Seth Harris poses in Neighbors Market, his gradually reviving market on Sandy Boulevard at Northeast 90th Avenue in the Sumner neighborhood. STAFF/2018

Seth Harris poses in Neighbors Market, his gradually reviving market on Sandy Boulevard at Northeast 90th Avenue in the Sumner neighborhood.

Neighbors Market, 9061 N.E. Sandy Blvd., isn’t necessarily what immediately comes to mind when one describes a “dream business.” It’s not even that easy to describe the place as “cute.” But it definitely has its charms. Chief among them is the new owner, Seth Harris, and his infectious positivity and vision for the business and the neighborhood. “I came across it online when I was looking for different places that were for sale. I had been looking for a convenience store for about a year,” says Harris. He came from the steel industry and was trying to find a new career and a stake in business ownership. 

“When I found this place, it hadn’t been taken care of because the previous owner lived in Seattle,” says Harris. The commute was causing the place to languish and die under a lack of attention and stewardship. The previous owner had apparently purchased the business for his two sons, according to Harris. When they lost interest in running the market, it fell under the eye of their father, who had neither the time nor the logistic capability to run it. This was after a long period of stable ownership of the location, during which it became one of the neighborhood’s favorite local haunts.

Evan Burton is one of the many locals who used to love the market before the lack of attention let it go steeply downhill in the span of just a couple of years. “It’s a little hole-in-the-wall market,” says Burton of the place fondly. But he quickly turns to Harris, of whom he’s a big fan; primarily because the market no longer caters to drug users. “One of the things he [Harris] did was destroy all the meth pipes, which was the first thing you’d see when you walked in there. He got rid of those, because he didn’t want that to be the first thing people see and he didn’t want to promote that.” There used to be a glass case that prominently displayed a broad array of paraphernalia for hard drugs.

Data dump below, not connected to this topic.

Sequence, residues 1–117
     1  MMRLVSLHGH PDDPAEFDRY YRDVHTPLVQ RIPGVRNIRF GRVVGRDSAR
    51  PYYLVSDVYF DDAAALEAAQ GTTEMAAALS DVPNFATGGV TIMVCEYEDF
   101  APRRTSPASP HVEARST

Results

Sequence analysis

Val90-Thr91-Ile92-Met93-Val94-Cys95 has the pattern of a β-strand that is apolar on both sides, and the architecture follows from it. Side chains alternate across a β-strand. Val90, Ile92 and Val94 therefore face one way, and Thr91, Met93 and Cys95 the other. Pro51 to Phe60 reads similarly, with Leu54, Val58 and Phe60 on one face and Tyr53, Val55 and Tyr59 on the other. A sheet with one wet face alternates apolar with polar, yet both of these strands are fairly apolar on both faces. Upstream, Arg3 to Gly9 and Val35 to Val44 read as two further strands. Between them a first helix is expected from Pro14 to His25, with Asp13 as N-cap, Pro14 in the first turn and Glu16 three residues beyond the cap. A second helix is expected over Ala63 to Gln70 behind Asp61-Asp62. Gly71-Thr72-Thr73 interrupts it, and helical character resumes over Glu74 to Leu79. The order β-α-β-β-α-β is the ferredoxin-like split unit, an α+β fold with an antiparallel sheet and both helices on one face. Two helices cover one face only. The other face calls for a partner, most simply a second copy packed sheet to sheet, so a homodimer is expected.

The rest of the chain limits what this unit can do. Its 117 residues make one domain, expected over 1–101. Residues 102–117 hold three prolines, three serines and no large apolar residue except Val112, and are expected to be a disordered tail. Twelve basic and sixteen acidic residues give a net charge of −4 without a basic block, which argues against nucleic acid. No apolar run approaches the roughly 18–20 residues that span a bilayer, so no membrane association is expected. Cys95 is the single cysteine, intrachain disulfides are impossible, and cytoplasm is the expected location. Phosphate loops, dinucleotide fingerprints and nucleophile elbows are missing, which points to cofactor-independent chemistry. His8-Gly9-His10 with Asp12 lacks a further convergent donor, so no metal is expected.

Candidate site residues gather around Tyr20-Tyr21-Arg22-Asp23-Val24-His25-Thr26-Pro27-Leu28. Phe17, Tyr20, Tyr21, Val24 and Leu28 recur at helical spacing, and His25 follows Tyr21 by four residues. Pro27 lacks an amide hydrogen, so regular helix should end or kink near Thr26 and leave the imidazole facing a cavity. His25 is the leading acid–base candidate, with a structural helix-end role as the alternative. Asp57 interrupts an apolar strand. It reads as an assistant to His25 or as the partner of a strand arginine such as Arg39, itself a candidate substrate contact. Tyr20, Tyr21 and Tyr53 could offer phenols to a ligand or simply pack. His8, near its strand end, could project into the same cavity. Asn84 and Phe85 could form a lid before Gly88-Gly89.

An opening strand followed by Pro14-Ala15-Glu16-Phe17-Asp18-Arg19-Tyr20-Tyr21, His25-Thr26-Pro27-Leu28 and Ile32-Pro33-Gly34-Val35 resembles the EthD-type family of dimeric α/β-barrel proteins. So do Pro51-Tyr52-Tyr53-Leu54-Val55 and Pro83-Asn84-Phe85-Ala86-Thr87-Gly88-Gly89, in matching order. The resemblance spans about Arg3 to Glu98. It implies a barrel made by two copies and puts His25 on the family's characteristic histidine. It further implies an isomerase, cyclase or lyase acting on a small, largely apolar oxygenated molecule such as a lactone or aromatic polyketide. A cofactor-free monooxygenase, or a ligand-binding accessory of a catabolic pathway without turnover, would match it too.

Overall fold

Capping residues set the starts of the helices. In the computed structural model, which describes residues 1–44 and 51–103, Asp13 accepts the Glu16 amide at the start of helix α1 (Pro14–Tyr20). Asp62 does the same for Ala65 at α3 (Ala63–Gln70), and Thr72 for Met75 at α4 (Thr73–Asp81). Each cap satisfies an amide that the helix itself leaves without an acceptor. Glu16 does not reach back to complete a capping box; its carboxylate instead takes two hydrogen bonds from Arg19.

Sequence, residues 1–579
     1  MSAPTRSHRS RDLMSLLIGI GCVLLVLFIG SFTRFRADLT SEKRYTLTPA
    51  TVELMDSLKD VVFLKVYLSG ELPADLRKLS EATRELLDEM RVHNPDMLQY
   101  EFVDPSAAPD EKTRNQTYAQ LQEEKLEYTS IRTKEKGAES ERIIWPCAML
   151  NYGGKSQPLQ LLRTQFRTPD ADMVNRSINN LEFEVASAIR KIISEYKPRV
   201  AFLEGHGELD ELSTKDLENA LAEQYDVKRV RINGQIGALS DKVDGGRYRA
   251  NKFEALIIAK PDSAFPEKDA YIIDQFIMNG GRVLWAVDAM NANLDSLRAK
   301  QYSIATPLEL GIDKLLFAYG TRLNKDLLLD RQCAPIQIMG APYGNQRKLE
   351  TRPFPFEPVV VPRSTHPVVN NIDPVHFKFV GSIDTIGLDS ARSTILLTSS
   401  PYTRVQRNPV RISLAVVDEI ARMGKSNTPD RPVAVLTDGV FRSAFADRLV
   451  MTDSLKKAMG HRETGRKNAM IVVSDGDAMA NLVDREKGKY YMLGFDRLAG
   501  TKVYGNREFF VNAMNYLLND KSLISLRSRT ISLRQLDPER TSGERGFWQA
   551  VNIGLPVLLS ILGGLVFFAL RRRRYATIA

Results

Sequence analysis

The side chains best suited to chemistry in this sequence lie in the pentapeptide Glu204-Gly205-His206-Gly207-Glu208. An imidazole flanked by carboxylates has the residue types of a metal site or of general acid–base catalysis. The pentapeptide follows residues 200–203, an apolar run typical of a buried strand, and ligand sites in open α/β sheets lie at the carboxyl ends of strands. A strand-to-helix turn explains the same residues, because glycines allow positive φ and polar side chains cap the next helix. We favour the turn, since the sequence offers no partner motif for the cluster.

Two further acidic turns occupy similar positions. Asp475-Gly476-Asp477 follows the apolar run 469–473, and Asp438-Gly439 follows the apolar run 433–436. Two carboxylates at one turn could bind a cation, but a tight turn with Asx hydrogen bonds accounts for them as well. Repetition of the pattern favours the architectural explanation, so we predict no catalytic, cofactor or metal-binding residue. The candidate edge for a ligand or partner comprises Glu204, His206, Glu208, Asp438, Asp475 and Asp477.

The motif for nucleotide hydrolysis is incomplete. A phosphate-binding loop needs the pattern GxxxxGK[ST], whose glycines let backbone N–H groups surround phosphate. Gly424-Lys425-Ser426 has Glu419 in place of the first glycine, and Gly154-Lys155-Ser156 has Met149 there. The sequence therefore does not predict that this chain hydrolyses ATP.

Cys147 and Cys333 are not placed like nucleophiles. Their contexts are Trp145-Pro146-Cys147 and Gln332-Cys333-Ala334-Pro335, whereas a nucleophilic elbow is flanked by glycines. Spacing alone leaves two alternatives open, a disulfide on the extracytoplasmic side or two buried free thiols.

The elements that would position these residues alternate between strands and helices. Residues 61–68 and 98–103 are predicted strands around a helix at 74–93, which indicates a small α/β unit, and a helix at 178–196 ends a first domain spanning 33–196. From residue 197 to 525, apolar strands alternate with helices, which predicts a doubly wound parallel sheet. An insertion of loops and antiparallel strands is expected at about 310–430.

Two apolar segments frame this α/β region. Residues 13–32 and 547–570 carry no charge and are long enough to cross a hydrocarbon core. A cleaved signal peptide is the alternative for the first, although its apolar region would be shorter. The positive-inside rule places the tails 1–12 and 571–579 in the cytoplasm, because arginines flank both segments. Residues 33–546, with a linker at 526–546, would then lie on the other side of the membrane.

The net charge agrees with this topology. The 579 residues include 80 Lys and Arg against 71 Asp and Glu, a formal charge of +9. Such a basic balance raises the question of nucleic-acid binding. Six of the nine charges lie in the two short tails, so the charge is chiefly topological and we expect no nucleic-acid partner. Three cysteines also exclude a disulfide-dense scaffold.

Burton also relishes the fresh stock that’s been flowing in and the responsiveness of the new staff. Where once the stock was expiring and poorly tailored to the community’s interests, the store’s overhaul features new products on the shelves. “He’s been on that Nextdoor neighbor site [], asking people what they want him to stock,” says Burton of Harris’ gusto for bringing customer satisfaction back to the market. He notes that someone asked for Kettle Chips on the Nextdoor thread, and the next week, there was a big Kettle Chips display at the store.

Harris lives with his wife and children in Milwaukie, and they help out a little with the store, but primarily he staffs the market using a special program through Clackamas County, which aims to pair veterans with willing employers. Clackamas is home to more than 37,000 U.S. veterans, and two of them are employed at Neighbors Market. The positive vibes of the new staff are meant to revive the community feeling that used to permeate the location.

“Everybody loved it. It was their favorite corner market, and they watched it just shrink and shrivel. I saw it and there was plenty of opportunity to rebuild it and bring it back to its former glory,” says Harris.

“They’re real communicative with the neighbors. Whenever I go in there, there’s usually a customer in there or I pass one coming out, which wasn’t the case the last few years,” says Burton, happy to have his neighborhood market back.

Neighbors Market is open daily; hours of operation are Monday through Saturday, 8 a.m. to 11 p.m., and Sundays, 9 a.m. to 11 p.m. extending to midnight in May. Their phone number is 503-253-8645.